You can slice any list in Python using the notation list[start:stop:step] to create a sublist starting with index start, ending right before index stop, and using the given step size—which can also be negative to slice from right to left. If you need a refresher on slicing, check out our detailed Finxter blog tutorial or our focused book “Coffee Break Python Slicing”.

Here’s the first method to reverse a list of strings and join the elements together:

l = ['n', 'o', 'h', 't', 'y', 'p']


# Method 1
print(''.join(l[::-1]))
# python

Related articles:

Python Join List Range

Problem: Given a range object—which is an iterable of integers—how to join all integers into a new string variable?

Example: You have the following range object:

range(10)

You want the following string:

'0123456789'

Solution: To convert a range object to a string, use the string.join() method and pass the generator expression str(x) for x in range(...) to convert each integer to a string value first. This is necessary as the join function expects an iterable of strings and not integers. If you miss this second step, Python will throw a TypeError:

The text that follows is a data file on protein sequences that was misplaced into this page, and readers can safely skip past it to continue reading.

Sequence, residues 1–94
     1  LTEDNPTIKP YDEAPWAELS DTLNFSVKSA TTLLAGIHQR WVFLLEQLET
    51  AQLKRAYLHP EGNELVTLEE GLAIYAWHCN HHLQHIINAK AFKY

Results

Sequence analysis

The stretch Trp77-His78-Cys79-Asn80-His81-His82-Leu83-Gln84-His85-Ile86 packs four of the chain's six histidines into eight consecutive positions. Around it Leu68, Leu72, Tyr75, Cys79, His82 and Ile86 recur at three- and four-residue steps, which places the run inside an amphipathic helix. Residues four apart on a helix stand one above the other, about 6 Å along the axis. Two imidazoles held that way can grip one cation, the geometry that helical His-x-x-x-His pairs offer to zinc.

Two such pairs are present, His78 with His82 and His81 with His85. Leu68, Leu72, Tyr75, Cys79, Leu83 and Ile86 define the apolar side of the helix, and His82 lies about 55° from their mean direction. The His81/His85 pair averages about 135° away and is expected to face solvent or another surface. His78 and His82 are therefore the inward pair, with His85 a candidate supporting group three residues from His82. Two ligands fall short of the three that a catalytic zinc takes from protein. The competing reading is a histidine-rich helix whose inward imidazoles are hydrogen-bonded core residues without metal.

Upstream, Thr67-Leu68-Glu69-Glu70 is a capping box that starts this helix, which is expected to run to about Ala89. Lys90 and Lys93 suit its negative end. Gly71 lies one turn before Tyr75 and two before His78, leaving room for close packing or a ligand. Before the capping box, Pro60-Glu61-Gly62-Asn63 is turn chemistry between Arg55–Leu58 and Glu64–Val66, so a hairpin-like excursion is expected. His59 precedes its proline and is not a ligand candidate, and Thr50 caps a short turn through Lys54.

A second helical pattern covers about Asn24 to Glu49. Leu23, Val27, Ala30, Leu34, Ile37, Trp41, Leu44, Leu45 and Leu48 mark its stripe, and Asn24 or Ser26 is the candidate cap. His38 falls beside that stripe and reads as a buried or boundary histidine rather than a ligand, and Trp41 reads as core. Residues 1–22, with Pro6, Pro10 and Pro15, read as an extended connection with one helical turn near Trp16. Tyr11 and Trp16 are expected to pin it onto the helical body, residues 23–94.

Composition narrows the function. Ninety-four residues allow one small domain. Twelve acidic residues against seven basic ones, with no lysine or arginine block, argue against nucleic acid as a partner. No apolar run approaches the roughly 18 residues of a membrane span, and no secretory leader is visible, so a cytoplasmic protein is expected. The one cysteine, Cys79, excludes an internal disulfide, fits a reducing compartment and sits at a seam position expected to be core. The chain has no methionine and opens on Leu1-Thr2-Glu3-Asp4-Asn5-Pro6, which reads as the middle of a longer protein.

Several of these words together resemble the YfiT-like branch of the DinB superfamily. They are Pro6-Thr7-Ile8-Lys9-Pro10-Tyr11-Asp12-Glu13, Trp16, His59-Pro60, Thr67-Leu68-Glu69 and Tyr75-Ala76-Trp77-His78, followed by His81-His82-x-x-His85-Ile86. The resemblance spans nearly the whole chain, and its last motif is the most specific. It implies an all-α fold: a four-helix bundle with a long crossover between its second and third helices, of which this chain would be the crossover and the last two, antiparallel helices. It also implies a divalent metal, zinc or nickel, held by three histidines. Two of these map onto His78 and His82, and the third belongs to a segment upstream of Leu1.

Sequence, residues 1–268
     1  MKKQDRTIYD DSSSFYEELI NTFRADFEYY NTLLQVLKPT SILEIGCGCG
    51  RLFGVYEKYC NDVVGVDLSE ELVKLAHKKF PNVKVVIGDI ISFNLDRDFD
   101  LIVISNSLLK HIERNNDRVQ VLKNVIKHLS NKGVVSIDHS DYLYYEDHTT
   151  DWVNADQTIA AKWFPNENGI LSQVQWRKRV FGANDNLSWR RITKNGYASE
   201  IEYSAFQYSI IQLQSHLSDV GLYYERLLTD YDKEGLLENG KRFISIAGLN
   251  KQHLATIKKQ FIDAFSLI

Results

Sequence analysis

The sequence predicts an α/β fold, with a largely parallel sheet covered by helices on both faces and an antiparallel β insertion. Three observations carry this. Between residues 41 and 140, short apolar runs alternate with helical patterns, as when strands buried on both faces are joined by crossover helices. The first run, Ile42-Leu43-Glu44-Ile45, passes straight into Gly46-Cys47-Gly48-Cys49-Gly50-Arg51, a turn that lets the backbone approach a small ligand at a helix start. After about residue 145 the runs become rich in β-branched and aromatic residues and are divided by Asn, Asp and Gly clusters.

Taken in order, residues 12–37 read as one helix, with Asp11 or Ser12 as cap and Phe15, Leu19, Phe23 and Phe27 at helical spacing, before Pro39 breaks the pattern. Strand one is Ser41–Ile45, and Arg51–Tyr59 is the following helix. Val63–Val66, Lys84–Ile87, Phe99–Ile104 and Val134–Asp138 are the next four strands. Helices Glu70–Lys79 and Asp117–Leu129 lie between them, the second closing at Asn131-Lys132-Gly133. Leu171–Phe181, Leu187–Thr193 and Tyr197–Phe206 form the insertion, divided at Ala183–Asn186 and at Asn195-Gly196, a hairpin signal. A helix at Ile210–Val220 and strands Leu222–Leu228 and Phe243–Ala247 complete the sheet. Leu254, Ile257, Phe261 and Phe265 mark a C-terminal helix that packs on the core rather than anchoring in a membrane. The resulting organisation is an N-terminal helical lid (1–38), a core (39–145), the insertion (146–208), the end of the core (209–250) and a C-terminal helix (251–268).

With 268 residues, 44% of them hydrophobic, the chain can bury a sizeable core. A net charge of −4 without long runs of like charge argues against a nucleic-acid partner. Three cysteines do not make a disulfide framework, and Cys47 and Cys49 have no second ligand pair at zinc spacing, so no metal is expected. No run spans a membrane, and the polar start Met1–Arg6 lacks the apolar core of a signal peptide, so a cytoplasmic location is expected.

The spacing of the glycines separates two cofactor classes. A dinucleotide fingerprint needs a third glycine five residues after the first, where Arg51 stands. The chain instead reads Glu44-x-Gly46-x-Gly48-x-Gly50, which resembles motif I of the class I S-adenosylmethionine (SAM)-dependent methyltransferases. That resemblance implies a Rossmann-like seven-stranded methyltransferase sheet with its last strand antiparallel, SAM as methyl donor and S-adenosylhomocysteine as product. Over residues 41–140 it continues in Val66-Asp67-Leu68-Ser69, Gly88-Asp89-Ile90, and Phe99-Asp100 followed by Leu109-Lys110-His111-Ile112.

print(''.join(range(10)))
'''
Traceback (most recent call last):
  File "C:\Users\xcent\Desktop\code.py", line 2, in <module>
    print(''.join(range(10)))
TypeError: sequence item 0: expected str instance, int found
'''

So, the correct way is to convert each element to a string using the generator expression str(x) for x in range(...) inside the join(...) argument list. Here’s the correct code that joins together all integers in a range object in the most Pyhtonic way:

print(''.join(str(x) for x in range(10)))
'0123456789'

You can use different delimiter strings if you need to:

print('-'.join(str(x) for x in range(10)))
'0-1-2-3-4-5-6-7-8-9'

Related articles:

Python Join List By Row / Column

Problem: Given a number of lists l1, l2, …, ln. How to merge them into a list of tuples (column-wise)?